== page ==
Yennifer likes to participate in different activities at school, and to get good grades.  Although she does not have the resources necessary to pursue higher education, she would like to have a career that will allow her to help her mother financially support her younger brothers through school.

Her father is an alcoholic and does not financially contribute to the family. Although their family has had troubles, they all pitch in and work the fields to sustain themselves.  She would like to work for her community as a health promoter, helping people to overcome the difficulties they face.

I think about the future, where I want to work, how I want to move forward, so that my children can also study and not be held back by obstacles in their lives.  And if they do encounter difficulties, I want them to be strong enough to overcome them, like I am doing.

Sonia Aracely

Sonia is from Rabinal and attends FNE’s Bilingual Cultural Institute. Her parents have been supportive of her completing school, and Sonia, in turn, helps her mother sell goods in the plaza.  One of her goals is to continue to help her parents.  In addition to her parents, Sonia feels supported by her whole community.  She enjoyed participating in the health fairs and working with the Voces y Manos team.

I am so grateful to my family for always helping me move forward. I want to study more to help my parents; I want to become a teacher because I enjoy working with little children.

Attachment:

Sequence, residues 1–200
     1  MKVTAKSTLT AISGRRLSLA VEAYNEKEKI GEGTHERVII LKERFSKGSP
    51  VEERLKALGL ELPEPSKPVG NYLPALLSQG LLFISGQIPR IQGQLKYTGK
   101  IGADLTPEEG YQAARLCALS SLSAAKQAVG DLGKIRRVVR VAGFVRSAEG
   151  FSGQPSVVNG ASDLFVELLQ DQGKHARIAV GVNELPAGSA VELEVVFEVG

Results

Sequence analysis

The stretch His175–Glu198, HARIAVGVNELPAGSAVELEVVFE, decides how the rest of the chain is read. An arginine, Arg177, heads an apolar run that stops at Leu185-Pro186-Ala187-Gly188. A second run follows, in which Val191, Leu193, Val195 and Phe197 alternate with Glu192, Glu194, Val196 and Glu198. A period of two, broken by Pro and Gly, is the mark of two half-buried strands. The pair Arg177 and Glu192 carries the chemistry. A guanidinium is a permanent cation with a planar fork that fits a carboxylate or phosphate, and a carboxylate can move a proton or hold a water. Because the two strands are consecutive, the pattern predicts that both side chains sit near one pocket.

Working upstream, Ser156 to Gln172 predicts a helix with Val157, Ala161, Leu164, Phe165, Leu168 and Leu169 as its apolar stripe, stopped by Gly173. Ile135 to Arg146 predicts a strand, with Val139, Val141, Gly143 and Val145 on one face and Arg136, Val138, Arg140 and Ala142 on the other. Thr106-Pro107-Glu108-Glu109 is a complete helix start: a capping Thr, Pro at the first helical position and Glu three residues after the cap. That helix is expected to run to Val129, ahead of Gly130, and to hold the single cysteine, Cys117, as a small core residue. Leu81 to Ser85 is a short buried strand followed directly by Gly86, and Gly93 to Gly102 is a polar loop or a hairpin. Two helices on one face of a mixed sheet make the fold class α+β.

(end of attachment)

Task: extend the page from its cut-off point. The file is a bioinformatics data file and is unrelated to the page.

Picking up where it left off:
Lidia Coloch

Lidia is 15 years old and has four siblings.  Her father died when she was 11, and because her family is poor, her mother worries about how to pay for education. While at the Bilingual Cultural Institute, Lidia spent her mornings in school, and her afternoons working.  Before learning of Lidia’s scholarship, her mom told her that after finishing the 10th grade, she would need to leave school in order to work full-time. Lidia is currently studying to become a teacher.

I work hard so that I can tell my mother that I will continue to study.  I want to become a leader in my community and I want to support its people.  I really enjoy working in the village communities with Voces y Manos’ health fairs.

“Yennifer, Sonia and Lidia are working together on a project in the village of Chiticoy. The river that runs through the village is the community’s main source of water for cooking, cleaning and bathing. Unfortunately, it is also badly polluted. The village has no garbage collection so trash- including dead animals- is often thrown into the river. The pollution has now been identified as a major threat to the community’s health.